PSP Audioware Nexcellence review

A new plugin with old soul

  • $149
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Our Verdict

If you yearn for something genuinely different in your reverb folder, Nexcellence is well worth springing for.

Pros

  • Two spring models for creative scope.
  • Sumptuous, realistic ‘analogue’ sound.
  • Beautiful interface.

Cons

  • Quite expensive.
  • No bypass switch to accompany Feed.

Modelling the necklace-type spring reverbs briefly found in Hammond organs (see The rights of springs), Nexcellence (VST/AU/AAX/RTAS) departs from classic reverb ‘norm’ in its architecture and style. 

The Input Gain knob can be raised to boost or overdrive the input signal, while the Limit knob below lowers the threshold on an opto-limiter circuit. Between them, these two enable a high degree of dynamic and saturation control at the input. The Feed switch kills the input to the reverb, but not the reverb itself - very handy, but a regular bypass button wouldn’t go amiss, too. 

Up to 250ms of predelay is on tap via the Delay knob, while lowering the Input Width pulls down the gain of the sides signal. 

Nexcellence simultaneously models two discrete spring sets, the idea being to use them individually or together. To that end, each has its own particular yet complementary character. Set I is the brighter of the two, with a bit more sustain and depth – ‘newer’, if you will. Set II is darker and tighter - ‘older’, we’d say. 

The two spring sets are configurable in three modes: set I on its own, set II on its own, or both together (I+II). In I and II modes, the input is summed to mono before entering the reverb. In I+II mode, the stereo input channel assignment is switchable between three settings. Split has spring set I processing the left channel and set II the right. In M/S mode, set I processes the mid, set II processes the sides, and the two are decoded to L/R at the output. In Spread mode, both spring sets receive input from both channels. The Swap switch, unsurprisingly, switches the channels. 

The rights of springs

Invented by the Hammond Organ Company in the late 1950s specifically to accompany their own instruments, the necklace reverb was a lower-priced, smaller and much better sounding alternative to the oilcan spring reverbs that came before it. 

Three springs of differing length were strung across the horizontal bar of a T-shaped frame, like a necklace, the shortest at the top, the longest at the bottom. The signal from the input transducer caused the springs to oscillate independently of each other, yielding a complex ‘modulated’ sound as the vibration from each one arrived at the output transducer on its own ‘timeline’. 

Although it sounded fantastic, sadly the necklace reverb wasn’t around for long. The tendency for those loosely hanging springs to make horrendous clattering noises when shaken by accidental contact or heavy on-stage vibration saw it quickly supersed by tensioned dual-spring models.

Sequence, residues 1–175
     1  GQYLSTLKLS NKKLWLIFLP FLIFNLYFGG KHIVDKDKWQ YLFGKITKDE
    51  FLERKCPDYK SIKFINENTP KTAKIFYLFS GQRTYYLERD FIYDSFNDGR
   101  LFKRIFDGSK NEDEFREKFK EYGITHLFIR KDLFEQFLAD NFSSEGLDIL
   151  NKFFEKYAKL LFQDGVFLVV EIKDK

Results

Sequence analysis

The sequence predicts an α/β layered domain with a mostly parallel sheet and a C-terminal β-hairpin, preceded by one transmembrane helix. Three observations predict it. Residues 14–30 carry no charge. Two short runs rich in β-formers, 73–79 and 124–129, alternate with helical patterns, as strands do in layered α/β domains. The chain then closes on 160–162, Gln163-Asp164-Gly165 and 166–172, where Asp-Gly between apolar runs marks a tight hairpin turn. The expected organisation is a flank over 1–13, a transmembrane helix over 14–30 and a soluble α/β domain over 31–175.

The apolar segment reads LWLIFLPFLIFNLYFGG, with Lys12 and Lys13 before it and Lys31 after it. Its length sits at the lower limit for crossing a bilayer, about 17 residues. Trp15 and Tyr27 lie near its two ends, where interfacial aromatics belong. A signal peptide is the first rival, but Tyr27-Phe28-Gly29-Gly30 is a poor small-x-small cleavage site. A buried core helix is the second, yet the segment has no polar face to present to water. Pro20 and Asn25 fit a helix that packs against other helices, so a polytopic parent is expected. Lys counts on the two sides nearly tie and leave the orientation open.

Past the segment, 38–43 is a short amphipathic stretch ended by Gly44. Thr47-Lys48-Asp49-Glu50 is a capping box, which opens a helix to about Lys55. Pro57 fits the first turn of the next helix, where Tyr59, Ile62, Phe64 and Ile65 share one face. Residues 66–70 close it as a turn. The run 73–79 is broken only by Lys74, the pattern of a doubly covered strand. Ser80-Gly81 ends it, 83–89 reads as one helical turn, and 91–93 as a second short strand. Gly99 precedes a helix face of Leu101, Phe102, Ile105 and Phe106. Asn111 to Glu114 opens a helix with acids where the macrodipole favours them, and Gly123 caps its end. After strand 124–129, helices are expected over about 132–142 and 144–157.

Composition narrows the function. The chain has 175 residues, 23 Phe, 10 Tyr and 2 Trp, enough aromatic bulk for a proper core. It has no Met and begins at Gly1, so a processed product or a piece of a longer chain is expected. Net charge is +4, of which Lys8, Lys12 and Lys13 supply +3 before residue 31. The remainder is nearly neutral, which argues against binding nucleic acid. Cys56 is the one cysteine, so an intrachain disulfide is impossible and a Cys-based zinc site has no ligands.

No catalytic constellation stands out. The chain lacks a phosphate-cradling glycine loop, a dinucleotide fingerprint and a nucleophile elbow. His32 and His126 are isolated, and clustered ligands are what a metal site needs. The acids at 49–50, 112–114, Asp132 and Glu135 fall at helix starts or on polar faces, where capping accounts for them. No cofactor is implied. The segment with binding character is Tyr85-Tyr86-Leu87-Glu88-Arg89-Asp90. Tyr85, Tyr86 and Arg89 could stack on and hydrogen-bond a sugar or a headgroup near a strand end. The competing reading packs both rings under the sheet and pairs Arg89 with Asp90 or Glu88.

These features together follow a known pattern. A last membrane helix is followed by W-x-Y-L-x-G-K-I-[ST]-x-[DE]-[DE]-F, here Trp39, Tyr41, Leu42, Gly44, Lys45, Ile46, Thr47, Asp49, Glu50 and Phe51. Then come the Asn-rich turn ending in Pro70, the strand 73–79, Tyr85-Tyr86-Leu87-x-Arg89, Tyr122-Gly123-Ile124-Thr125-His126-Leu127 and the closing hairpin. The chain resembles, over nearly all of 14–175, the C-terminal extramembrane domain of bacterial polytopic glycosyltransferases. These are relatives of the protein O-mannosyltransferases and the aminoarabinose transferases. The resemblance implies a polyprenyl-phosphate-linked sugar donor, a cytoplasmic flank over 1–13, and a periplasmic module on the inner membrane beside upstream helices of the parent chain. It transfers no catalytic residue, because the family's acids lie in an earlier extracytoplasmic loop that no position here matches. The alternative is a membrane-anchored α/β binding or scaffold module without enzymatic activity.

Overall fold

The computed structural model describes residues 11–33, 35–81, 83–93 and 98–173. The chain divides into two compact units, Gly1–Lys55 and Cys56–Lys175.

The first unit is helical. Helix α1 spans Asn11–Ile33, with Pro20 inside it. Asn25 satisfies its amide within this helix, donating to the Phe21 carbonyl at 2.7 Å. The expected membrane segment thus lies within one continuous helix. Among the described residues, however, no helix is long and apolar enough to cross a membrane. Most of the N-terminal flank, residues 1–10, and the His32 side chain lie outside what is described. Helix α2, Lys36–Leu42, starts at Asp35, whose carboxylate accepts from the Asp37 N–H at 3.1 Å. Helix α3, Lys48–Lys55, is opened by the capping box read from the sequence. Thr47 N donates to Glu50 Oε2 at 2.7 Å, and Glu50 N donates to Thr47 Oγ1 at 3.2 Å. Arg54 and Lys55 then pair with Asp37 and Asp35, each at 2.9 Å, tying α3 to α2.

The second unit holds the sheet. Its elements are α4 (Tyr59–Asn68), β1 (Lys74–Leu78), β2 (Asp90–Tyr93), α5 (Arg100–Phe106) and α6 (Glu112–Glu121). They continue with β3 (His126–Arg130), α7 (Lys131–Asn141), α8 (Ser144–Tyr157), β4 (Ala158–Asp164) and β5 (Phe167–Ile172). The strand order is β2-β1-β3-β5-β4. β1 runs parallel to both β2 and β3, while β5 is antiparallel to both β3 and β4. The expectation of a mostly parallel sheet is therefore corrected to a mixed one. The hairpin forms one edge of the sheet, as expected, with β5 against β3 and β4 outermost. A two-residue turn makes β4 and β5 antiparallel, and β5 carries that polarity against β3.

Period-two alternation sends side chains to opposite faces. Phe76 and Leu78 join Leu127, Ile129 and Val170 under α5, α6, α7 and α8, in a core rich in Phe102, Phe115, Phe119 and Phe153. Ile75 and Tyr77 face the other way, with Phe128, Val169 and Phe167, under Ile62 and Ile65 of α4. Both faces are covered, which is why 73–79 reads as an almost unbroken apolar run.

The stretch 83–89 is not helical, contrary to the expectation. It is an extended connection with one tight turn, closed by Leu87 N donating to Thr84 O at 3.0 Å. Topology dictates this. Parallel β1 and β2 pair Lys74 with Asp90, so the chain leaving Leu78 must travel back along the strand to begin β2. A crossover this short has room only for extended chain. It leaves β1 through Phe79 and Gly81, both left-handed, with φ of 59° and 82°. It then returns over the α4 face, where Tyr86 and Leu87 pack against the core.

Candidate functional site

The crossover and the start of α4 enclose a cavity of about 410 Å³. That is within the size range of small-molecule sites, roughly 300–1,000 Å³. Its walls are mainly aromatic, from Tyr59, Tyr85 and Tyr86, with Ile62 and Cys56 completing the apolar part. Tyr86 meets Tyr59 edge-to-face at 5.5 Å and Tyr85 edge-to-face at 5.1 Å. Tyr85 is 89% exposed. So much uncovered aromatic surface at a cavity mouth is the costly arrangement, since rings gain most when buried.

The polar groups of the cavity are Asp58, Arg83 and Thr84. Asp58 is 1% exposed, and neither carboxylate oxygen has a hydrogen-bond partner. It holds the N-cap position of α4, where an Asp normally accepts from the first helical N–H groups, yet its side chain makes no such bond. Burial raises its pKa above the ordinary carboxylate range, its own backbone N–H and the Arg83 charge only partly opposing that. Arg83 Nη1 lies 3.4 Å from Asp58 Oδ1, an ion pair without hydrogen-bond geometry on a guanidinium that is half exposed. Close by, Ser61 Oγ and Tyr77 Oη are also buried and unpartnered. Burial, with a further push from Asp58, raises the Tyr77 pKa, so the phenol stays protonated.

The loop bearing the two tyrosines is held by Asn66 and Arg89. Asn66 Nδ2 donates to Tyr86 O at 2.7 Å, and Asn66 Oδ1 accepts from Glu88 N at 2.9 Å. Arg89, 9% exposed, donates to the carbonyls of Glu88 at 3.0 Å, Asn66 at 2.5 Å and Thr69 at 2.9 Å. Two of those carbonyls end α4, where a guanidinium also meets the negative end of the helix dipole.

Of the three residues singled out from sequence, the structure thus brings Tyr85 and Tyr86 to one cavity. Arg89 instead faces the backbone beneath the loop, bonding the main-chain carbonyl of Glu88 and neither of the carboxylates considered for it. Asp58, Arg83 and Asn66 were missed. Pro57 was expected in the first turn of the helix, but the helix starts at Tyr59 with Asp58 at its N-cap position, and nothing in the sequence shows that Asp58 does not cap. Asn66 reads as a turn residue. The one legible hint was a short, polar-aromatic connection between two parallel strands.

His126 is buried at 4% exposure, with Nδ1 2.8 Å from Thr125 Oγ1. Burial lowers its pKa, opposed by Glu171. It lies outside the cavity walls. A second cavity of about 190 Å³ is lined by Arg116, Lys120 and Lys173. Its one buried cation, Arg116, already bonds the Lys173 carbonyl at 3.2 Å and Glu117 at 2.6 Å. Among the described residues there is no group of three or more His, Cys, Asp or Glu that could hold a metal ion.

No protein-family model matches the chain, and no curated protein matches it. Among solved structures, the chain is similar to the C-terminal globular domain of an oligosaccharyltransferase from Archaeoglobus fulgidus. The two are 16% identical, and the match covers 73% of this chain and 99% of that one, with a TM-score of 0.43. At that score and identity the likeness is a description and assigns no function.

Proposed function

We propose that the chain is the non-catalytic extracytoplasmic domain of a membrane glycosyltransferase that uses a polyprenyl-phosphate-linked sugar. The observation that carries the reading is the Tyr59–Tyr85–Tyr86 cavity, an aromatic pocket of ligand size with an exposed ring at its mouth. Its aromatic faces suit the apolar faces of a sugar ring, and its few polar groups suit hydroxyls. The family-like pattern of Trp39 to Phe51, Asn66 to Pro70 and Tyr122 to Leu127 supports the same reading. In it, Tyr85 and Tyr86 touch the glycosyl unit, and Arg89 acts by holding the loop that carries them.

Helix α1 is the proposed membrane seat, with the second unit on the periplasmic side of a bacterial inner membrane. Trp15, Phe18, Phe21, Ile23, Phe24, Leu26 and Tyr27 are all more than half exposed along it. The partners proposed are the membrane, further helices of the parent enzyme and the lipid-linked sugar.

For shaping of the reverb itself, Nexcellence offers Decay Time, Color and EQ controls. Above all that, three Density settings - Sparse, Dense and Shiny - balance CPU overhead with accuracy (ie, oversampling). Shiny is about 50% heavier than Sparse, but the improvement in high-frequency presence and depth is apparent. 

Decay Time ranges from 0.8-7s, but being a true mechanical - and thus non-linear - model, the actual time depends on the frequency content and level of the input signal, and the Color setting. Color governs not only the high- frequency tilt of the tail but also its density and saturation, again influenced by the properties of the input signal. 

The EQ comprises a high-pass filter (10Hz-1kHz), and Low (60Hz), Mid (1.3kHz) and High (6kHz) gain knobs, each delivering 12dB of fairly broad cut or boost to the wet signal. 

Finally, the output signal is dry/wet mixed, levelled, narrowed and panned at the right hand end of the interface. 

Next gen

Nexcellence is quite unlike any reverb - spring or otherwise - you’ve ever heard, with a unique richness and energy. We love the inexactness of the Decay Time and Color parameters, which encourage setting by ear rather than eye, and the routing configurability of the two springs presents plenty of scope in terms of sonic variation and complexity. 

Most importantly, it just sounds fabulous on any source - acoustic, vocal, electric or electronic - adding evocative ambience, smooth spatialising or full-on dub-style ‘sproing’. Don’t make the mistake of writing this one off as a vintage curio - Nexcellence is just shy of essential. 

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Tech Specs

FormatPC/Mac